Feeding the Buzzards

Birds of Prey in Ireland 

About 100 years ago, Ireland was devoid of large birds of prey like buzzards, red kites and golden eagles. Their populations were decimated by human persecution, but thankfully these mighty predators are starting to make a comeback thanks to environmental protection, the banning of poisons like strychnine, successful reintroduction programmes, and natural recolonizations. Unfortunately though, we do still regularly hear of cases where raptors are illegally shot and poisoned.

My First Sightings of Buzzards and Red Kites

One of the first places I ever saw buzzards and red kites was in Wales when I first visited in 2011. I was amazed to see multiple pairs of these majestic birds soaring high in the sky. While driving through mid and North Wales, we used to play ‘spot the buzzard’, and count the number we saw. I think our highest count was 30 in a single day. It got even more exciting when we spotted a red kite, which can be recognised by the V-shaped fork in its tail. It wasn’t long after that I started to see buzzards crop up in Ireland, which have naturally recolonized from Britain, and red kites now too following a successful reintroduction in Wicklow and waves of natural recolonizations from Britain.

During one of these visits to Wales, we visited the red kite feeding station near Aberystwyth called Bwlch Nant yr Arian, where as many as 150 kites flock to be fed! It is an amazing spectacle to witness, and an excellent tourist attraction for the region that supports quite a few local jobs. When I was there, I was even fortunate to see the white one, caused by a genetic mutation called leucism. But supplementary feeding in itself isn’t natural, and I sometimes wondered what the effect, if any, such feeding strategies might have on the overall health of the population? And what are the potential consequences to the wider environment, if supplementary feeding is leading to an artificially inflated local raptor population?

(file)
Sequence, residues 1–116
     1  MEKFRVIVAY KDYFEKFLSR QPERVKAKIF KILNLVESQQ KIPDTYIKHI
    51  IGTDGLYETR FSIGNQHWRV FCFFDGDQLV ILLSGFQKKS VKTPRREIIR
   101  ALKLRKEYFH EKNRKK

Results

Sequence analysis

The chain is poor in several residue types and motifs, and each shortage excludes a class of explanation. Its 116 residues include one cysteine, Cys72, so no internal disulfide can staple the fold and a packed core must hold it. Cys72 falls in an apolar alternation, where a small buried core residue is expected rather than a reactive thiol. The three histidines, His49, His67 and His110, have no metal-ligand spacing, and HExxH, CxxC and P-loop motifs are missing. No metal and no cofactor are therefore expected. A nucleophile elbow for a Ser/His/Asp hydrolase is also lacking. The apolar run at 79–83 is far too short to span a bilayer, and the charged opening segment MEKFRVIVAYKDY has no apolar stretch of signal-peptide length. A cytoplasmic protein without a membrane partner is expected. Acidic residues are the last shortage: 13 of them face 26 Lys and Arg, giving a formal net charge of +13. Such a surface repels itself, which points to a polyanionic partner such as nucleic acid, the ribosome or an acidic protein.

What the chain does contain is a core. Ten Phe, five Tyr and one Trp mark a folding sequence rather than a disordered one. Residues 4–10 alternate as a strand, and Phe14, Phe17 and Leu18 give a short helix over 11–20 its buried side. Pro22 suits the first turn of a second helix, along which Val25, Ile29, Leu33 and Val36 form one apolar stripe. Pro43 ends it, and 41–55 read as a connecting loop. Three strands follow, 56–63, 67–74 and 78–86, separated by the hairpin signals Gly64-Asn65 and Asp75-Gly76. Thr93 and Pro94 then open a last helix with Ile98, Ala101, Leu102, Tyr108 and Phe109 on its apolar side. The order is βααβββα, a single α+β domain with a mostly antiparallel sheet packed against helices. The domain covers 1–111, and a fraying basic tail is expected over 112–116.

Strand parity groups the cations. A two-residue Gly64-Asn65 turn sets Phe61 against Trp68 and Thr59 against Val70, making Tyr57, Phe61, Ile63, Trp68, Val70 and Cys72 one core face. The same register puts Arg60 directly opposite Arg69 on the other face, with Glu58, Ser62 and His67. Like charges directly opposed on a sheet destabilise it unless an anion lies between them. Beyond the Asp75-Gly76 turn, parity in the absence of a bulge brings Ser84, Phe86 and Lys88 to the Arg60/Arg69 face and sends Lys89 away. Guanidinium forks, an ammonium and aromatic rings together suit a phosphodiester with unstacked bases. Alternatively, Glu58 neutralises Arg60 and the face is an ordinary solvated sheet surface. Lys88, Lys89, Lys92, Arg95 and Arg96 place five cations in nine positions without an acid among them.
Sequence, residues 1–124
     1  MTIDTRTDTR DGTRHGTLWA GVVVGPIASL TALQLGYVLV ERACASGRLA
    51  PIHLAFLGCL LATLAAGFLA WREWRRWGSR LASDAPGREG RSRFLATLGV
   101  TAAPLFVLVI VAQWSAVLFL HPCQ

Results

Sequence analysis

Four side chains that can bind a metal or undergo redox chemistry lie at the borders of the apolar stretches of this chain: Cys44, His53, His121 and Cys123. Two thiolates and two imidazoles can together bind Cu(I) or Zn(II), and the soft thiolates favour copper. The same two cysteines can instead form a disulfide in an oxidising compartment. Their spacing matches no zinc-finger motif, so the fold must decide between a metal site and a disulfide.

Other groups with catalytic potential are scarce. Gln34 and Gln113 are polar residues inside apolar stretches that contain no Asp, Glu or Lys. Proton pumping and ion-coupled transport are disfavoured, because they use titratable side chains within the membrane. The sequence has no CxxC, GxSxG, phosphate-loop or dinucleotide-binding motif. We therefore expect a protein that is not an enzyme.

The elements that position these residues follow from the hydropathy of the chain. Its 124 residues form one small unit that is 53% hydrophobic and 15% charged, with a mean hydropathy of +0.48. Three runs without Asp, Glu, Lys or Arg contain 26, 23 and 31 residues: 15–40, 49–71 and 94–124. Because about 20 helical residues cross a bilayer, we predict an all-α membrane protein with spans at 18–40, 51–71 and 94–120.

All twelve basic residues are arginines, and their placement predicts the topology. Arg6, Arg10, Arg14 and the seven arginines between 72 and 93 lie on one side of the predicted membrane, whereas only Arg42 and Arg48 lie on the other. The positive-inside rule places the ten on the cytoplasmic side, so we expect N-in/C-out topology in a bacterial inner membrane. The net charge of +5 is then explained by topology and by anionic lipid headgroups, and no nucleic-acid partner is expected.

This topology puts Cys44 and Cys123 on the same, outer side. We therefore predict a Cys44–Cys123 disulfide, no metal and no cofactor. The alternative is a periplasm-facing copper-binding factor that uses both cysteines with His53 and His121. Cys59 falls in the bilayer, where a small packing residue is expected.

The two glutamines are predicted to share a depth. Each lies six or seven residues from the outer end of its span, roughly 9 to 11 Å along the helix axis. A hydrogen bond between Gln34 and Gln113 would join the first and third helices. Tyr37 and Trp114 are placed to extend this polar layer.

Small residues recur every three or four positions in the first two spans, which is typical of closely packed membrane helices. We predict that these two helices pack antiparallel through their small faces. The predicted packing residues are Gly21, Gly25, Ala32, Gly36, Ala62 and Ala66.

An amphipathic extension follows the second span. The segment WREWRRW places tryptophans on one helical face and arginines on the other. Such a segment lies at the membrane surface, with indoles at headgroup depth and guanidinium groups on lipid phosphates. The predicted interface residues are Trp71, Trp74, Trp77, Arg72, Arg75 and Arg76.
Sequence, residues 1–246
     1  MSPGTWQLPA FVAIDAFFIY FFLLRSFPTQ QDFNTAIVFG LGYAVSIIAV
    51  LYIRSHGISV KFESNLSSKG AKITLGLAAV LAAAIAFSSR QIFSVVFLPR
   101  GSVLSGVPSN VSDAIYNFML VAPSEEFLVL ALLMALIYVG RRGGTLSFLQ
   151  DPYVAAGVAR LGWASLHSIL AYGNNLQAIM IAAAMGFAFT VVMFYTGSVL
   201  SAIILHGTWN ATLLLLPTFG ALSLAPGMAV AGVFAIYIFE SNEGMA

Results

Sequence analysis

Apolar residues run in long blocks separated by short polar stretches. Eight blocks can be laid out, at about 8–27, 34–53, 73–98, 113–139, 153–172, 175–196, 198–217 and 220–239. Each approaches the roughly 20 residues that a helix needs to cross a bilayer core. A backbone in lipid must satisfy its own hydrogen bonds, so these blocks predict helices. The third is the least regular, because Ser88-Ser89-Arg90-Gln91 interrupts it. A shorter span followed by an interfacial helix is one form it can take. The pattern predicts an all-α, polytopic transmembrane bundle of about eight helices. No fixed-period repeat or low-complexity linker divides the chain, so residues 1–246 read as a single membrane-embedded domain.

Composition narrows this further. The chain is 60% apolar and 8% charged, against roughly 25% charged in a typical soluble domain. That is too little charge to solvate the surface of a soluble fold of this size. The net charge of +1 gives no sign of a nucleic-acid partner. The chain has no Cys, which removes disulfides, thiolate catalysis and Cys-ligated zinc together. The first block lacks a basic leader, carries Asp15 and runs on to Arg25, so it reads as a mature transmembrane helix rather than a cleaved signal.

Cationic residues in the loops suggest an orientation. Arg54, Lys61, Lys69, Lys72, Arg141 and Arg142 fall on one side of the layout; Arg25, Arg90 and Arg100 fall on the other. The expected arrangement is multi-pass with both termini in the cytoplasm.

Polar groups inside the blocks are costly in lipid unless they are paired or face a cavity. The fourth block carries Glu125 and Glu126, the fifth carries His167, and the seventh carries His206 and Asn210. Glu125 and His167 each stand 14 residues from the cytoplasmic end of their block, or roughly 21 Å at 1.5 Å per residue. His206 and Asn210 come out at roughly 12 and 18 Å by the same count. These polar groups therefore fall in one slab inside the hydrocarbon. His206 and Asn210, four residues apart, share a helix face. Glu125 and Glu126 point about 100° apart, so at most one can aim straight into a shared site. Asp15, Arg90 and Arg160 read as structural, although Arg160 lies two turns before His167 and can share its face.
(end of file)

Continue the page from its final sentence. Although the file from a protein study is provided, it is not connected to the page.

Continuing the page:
Supplementary Feeding Experiment

Eimear Rooney and colleagues from Queen’s University Belfast aimed to investigate that very question in a new study examining the effects of supplementary feeding on the common buzzard population in Northern Ireland. The study has recently been published in the international ornithology journal, Ibis.

Rooney and colleagues focused on mainly agricultural land consisting of improved grassland, but they also included areas of lower productivity such as bogs, rough grazing areas, woodlands and urban areas. Forty nests were located and monitored for a year prior to their experimental study.

A nest of young buzzard chicks. Photo by Eimear Rooney and taken under license by the Northern Ireland Environment Agency

A nest of young buzzard chicks. Photo by Eimear Rooney and taken under license by the Northern Ireland Environment Agency

For the experimental study, the nests were randomly assigned to four experimental study groups where the breeding pairs were (1) fed 35 days before they laid their eggs; (2) fed after their eggs hatched for 35 days; (3) fed throughout the breeding season for a total of 70 days; and (4) a control group that were not fed at any stage during the study.

The supplementary food items included woodpigeon and rabbit, prey items that Rooney previously found to be regularly consumed by buzzards in the area.

A supplementary feed table. Photo credit: Eimear Rooney

A supplementary feed table. Photo credit: Eimear Rooney

Rooney found that feeding buzzards prior to egg laying only resulted in a marginal increase in the overall clutch size, but found no overall difference in the weight of the chicks, hatching success or fledging success. However, the quality of the surrounding habitat appeared to have the greatest overall effect on the breeding success, as the buzzards delayed laying their eggs in marginal habitat areas such as bogs, scrub and rough/unimproved grassland, that Rooney believes is a consequence of fewer rabbits (one of the preferred prey items) in such areas.

Buzzard feeding at a supplementary feed table. Photo credit: Eimear Rooney

Buzzard feeding at a supplementary feed table. Photo credit: Eimear Rooney

Implications

Rooney suggests that in areas where game birds for instance are reared, and where buzzards might potentially predate on them, diversionary feeding for buzzards is unlikely to cause the population to rapidly expand beyond normal predictions. However, this is only in areas where prey isn’t limited already i.e. improved grassland where rabbits are abundant. However, in poor habitat e.g. bogs, rough grassland, and upland moors where red grouse are present, Rooney predicts that the benefits of diversionary feeding could be offset by the fact that the buzzard population in these areas could increase due the higher availability of food.

Reference

Rooney E, Reid N and Montgomery I (2014). Supplementary feeding increases Common Buzzard (Buteo buteo) productivity but only in poor-quality habitat , Ibis,  DOI: http://dx.doi.org/10.1111/ibi.12218

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